Inquiring Minds
By Sharon Keeler
Illustrations by Randy Lyhus

In this issue:

Emotional IQ
Running for Cover
Age Remedy

Emotional IQ

Most people today agree that IQ is too narrowly defined to gauge one's potential for success. But is it possible that IQ itself fails to include important mental abilities and areas of abstract reasoning?

UNH psychology professor John Mayer thinks so. He says that reasoning with emotion is a critical component of what makes us smart. While Daniel Goleman's 1995 bestselling book, Emotional Intelligence, may have gotten everyone talking about "EQ," it was Mayer and Yale University psychologist Peter Salovey who were the first, in two articles published in 1990, to formally define the theory.

"Emotional intelligence is the ability to understand one's own feelings and have empathy for the feelings of others, and it includes the ability to regulate one's feelings to guide thinking and action," says Mayer.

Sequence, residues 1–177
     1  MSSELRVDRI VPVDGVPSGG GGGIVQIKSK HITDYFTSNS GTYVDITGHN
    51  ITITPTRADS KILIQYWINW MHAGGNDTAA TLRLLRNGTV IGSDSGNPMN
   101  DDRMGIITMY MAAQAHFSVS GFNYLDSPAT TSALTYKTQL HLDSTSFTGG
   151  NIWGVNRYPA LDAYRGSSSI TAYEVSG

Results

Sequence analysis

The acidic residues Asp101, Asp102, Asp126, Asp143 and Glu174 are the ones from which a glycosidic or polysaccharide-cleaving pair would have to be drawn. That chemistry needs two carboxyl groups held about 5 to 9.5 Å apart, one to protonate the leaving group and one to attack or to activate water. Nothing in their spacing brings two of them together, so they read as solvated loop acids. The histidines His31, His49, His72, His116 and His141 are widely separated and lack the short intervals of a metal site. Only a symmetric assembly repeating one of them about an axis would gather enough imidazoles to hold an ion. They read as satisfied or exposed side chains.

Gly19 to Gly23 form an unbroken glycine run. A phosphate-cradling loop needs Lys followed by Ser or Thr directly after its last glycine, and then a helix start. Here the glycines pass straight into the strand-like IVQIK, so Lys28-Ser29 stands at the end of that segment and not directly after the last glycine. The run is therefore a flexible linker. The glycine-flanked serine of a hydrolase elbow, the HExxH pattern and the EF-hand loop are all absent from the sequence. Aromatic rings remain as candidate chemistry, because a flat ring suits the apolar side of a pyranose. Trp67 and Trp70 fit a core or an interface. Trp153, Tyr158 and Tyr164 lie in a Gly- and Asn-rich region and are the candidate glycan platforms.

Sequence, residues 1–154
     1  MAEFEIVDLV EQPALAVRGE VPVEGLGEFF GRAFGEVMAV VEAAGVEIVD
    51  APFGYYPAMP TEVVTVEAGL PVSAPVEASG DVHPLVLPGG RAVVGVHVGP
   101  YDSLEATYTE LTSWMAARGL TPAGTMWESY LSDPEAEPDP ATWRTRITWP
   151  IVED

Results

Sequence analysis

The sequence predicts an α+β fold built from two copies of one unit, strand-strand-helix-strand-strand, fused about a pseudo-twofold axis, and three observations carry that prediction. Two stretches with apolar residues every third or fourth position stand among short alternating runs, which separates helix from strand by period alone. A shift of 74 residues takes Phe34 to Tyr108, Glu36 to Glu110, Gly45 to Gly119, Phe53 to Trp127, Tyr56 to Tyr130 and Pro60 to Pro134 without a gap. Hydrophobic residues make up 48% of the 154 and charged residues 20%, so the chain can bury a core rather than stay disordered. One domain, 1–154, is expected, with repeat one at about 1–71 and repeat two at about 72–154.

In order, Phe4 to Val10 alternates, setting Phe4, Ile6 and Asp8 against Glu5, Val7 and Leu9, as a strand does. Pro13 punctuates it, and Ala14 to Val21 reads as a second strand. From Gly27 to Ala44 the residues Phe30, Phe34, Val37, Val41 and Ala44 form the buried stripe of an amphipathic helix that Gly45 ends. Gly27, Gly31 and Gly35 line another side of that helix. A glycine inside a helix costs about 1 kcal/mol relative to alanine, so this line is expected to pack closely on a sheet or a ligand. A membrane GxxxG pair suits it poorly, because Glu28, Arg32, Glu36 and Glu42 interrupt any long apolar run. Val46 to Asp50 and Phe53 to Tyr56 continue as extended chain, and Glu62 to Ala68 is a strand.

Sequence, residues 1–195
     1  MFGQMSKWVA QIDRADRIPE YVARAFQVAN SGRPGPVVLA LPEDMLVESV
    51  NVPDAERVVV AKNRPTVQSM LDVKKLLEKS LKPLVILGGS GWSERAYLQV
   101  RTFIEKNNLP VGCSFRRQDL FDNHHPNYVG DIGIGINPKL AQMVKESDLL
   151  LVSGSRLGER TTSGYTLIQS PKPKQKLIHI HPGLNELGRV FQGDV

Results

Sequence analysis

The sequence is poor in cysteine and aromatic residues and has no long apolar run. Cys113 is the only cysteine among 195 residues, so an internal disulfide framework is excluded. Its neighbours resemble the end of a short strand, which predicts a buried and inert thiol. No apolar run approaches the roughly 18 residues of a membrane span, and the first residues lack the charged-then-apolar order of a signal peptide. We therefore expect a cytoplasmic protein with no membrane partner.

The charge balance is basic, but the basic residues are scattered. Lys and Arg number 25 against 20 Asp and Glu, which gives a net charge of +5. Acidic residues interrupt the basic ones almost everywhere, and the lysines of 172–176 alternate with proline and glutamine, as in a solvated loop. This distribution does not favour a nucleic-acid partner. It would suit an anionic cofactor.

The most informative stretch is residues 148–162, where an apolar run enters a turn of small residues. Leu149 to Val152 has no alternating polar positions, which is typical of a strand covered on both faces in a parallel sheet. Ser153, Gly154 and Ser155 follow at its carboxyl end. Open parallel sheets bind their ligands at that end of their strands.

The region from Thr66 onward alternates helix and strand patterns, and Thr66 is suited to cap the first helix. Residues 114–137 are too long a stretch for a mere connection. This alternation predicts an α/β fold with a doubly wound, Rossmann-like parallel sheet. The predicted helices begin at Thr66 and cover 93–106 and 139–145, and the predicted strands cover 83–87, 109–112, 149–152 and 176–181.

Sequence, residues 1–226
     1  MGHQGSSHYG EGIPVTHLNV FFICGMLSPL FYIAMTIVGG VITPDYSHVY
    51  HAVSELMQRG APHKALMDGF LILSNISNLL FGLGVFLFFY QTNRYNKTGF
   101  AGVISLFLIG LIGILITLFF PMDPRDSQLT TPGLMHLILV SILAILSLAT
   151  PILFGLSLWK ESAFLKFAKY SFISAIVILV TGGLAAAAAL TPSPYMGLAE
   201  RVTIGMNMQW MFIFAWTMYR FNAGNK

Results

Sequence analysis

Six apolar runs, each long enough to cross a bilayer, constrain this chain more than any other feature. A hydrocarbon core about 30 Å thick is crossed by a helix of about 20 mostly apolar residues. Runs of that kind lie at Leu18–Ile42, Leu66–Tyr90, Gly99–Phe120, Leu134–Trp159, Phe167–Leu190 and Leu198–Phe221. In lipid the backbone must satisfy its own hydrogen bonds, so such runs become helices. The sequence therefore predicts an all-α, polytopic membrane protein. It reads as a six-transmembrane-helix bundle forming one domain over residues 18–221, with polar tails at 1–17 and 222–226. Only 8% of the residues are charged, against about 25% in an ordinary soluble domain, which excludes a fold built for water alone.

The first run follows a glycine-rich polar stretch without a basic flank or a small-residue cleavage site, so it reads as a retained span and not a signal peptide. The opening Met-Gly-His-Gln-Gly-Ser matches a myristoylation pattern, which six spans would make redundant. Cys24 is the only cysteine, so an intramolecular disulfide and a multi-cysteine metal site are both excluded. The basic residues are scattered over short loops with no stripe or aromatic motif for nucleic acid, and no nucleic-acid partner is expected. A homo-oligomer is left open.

Their theory contradicts the traditional psychological model that pairs emotion and logic as adversaries. Emotion has been seen as generally interfering with attempts to function rationally in the world, hence statements such as, "I'm so angry, I can't think straight." Mayer, however, believes that emotions contribute to logical thought. He says, for example, that emotionally intelligent people can use feelings like fear or anxiety as motivation to work harder, while others may be paralyzed to inaction.